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Economic & Housing Weekly Note

Payroll Employment Remains Strong While Other Indicators Point to Softening

March 8, 2024

Key Takeaways:

  • Nonfarm payroll employment increased by 275,000 in February, according to the Bureau of Labor Statistics (BLS). However, the rest of the report depicted a weaker labor market than the headline figure suggests. Net revisions to the prior two months showed 167,000 fewer jobs added than previously reported (including a downward revision of 124,000 in January, reversing much of the upward surprise), the household survey continued to diverge from the establishment survey as it showed 184,000 net jobs lost in February, and the unemployment rate moved up two-tenths to 3.9 percent, its highest level since January 2022. Wage growth showed a soft 0.1 percent month-over-month gain.
  • The Job Openings and Labor Turnover Survey (JOLTS) showed job openings declined by 26,000 to 8.9 million in January, according to the BLS. The quits rate, which tends to lead wage growth, declined one-tenth to 2.1 percent, its lowest level since August 2020. Layoffs and discharges remained historically low at 1.6 million, roughly 200,000 below the typical 2019 level.
  • The ISM Manufacturing Index declined 1.3 points to 47.8 in February after climbing to a 14-month high in January. The new orders index was down 3.3 points to 49.2 and the production index fell 2.0 points to 48.4, both indicating a modest contraction after expanding last month. The prices paid index declined 0.4 points to 52.5 after jumping in January amid shipping disruptions in and around the Red Sea.
  • The ISM Services Index declined 0.8 points to 52.6 in February. However, part of the headline decline was driven by large drops in the supplier deliveries and prices paid indices, both of which indicate less inflationary pressure compared to January. The business activity and new orders indices registered gains of 1.4 to 57.2 and 1.1 points to 56.1, respectively.
  • Consumer (non-mortgage) credit outstanding increased by $19.5 billion in January after only growing by $0.92 billion in December, according to the Federal Reserve Board. Revolving credit (largely credit cards) increased by $8.4 billion, while nonrevolving credit (largely student and auto loans) increased by $11.1 billion.
  • Light vehicles sales rose 6.2 percent to a seasonally adjusted annualized rate (SAAR) of 15.99 million in February, according to Autodata.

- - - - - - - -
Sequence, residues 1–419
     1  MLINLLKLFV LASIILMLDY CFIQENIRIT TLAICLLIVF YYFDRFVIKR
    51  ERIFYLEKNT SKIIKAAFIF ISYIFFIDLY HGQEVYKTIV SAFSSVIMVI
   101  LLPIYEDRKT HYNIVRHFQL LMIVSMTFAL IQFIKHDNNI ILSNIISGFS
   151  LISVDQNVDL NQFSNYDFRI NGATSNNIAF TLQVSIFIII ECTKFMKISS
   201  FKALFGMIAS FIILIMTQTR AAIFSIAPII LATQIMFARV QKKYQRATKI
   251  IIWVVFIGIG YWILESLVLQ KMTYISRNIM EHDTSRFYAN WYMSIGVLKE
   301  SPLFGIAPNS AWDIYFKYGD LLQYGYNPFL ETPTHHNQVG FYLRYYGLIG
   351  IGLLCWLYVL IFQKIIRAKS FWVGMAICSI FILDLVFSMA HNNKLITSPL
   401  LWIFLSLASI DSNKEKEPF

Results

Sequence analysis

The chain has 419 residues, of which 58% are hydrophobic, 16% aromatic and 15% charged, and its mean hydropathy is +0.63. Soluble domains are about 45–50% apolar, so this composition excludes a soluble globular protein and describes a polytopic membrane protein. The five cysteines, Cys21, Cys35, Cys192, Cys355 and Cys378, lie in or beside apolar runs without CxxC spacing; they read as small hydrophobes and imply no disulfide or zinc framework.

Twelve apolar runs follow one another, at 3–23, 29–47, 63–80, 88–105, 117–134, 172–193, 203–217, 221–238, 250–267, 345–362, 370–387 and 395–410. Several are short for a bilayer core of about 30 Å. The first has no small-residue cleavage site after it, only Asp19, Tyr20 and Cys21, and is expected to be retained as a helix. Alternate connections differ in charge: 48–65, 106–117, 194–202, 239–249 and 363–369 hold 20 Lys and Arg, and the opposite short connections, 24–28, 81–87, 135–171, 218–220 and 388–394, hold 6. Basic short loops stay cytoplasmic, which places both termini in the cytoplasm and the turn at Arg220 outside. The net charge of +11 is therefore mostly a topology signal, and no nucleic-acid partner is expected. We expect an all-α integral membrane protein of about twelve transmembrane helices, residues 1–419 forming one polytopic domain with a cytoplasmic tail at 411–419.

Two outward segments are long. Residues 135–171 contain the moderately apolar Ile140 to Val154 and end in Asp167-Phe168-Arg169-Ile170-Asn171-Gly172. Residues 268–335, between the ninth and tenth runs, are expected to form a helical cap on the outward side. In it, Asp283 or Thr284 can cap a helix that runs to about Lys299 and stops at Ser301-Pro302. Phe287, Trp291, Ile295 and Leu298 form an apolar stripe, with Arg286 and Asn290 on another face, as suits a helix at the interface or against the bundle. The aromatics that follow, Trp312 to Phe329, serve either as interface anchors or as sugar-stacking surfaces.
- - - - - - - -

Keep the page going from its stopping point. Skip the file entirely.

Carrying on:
• The real goods U.S. trade deficit widened by $2.5 billion in January, according to the Census Bureau. Real exports declined 0.2 percent while real imports rose 1.0 percent.
Forecast Impact:

The headline gain in payroll employment was above both consensus and our expectations. However, the payroll survey continues to show greater strength than other labor market indicators in recent months, especially the household survey. Additionally, the JOLTS continues to point to a gradual softening in labor market conditions with openings down more than 3.3 million since their peak in March 2022 (though they remain elevated relative to pre-pandemic levels) and the quits rate falling further, suggesting slower wage growth ahead. We continue to expect slowing payroll growth as the year progresses.

Both the ISM manufacturing and services indices softened in February after large gains in January, supportive of our forecast for slower economic growth in 2024. Encouragingly, though, the prices paid and supplier delivery subindices for both surveys showed milder inflation pressure compared to January, easing fears that shipping disruptions in the Red Sea would contribute meaningfully to stronger inflation. Finally, while trade data can be volatile from month-to-month, the widening in the real trade deficit presents some downside risk to our Q1 net exports and thus GDP forecast, though strong imports suggest better business inventory investment and consumption, which may partially offset any forecast downgrades resulting from the trade data.


Nathaniel Drake
Economic and Strategic Research Group
March 8, 2024

Opinions, analyses, estimates, forecasts, and other views of Fannie Mae's Economic and Strategic Research (ESR) Group included in these materials should not be construed as indicating Fannie Mae's business prospects or expected results, are based on a number of assumptions, and are subject to change without notice. How this information affects Fannie Mae will depend on many factors. Although the ESR group bases its opinions, analyses, estimates, forecasts, and other views on information it considers reliable, it does not guarantee that the information provided in these materials is accurate, current, or suitable for any particular purpose. Changes in the assumptions or the information underlying these views could produce materially different results. The analyses, opinions, estimates, forecasts, and other views published by the ESR group represent the views of that group as of the date indicated and do not necessarily represent the views of Fannie Mae or its management.